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Acne Vulgaris

What is Acne Vulgaris?

Acne is a condition which develops in and around the hair follicles and their oil producing glands called the sebaceous glands. Although these glands exist all over the surface of the body, it is only on the face, chest and back that acne develops.


The oil produced by sebaceous glands is called sebum and it begins to appear soon after puberty. When the oil glands become blocked, this leads to the formation of comedones — blackheads and whiteheads.

Bacteria in the deeper part of the hair follicle and beneath the sebum blockage release chemicals which act upon the sebum and break it down to release other chemicals. These chemicals make the skin around the hair follicle red and inflamed, resulting in a pimple. If inflammation worsens, pus may develop within the pimple. Large, painful swellings called nodules and cysts may develop, which can result in scarring after the condition has eventually settled. These scars can either be depressed and sunken, or bulging and hard.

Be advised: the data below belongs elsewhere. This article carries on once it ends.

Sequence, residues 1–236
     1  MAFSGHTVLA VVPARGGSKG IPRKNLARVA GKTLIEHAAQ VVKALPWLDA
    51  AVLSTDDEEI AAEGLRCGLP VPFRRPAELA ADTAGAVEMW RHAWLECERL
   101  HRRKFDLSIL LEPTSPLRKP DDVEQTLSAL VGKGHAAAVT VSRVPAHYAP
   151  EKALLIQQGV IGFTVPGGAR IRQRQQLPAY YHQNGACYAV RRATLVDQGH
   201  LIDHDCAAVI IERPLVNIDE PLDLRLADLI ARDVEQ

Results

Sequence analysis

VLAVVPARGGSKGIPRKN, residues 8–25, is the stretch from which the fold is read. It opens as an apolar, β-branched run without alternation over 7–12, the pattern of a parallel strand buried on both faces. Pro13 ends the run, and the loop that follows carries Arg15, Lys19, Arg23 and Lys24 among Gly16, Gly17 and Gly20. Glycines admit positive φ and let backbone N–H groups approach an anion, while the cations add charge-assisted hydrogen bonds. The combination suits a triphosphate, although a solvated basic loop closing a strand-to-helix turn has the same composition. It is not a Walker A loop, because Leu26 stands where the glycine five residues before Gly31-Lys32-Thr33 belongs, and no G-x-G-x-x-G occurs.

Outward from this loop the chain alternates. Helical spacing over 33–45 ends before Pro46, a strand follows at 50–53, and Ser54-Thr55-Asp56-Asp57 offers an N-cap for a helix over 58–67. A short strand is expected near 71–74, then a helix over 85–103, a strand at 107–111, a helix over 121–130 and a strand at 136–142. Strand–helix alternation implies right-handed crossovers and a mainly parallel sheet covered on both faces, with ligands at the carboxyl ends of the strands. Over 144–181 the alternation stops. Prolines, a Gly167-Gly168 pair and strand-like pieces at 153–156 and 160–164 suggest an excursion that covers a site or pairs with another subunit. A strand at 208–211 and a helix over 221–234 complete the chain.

When to seek medical advice

See your doctor if:

  • The condition has begun to affect quality of life
  • There is widespread distribution of the acne
  • Self-care methods have not been effective
  • There are large nodules and cysts
  • There is significant scarring
Treatment and drugs

Treatment applied to the skin

Patients with mild acne usually respond well to topical treatments. These include sulphur and resorcinol preparations (e.g. acne clear cream and lotion), benzoyl peroxide-containing preparations, antibiotics (erythromycin and clindamycin gel and lotions) and vitamin A-derived creams or gels (adapalene and tretinoin).

Oral treatment

If the acne worsens and there are many inflamed spots, then topical treatment alone may not be adequate. Dermatologists typically prescribe antibiotic tablets, such as doxycycline, erythromycin, minocycline or cotrimoxazole.

For severe acne

In very serious cases that do not respond to the above treatment, or in cases of severe nodulocystic acne, a tablet called isotretinoin may be given. This medication may give rise to side effects such as dry skin, cracked lips or body aches. However the most serious risk is possible damage to the unborn baby if taken during pregnancy, hence it is important for women of child-bearing age to practice strict contraception while on isotretinoin therapy.
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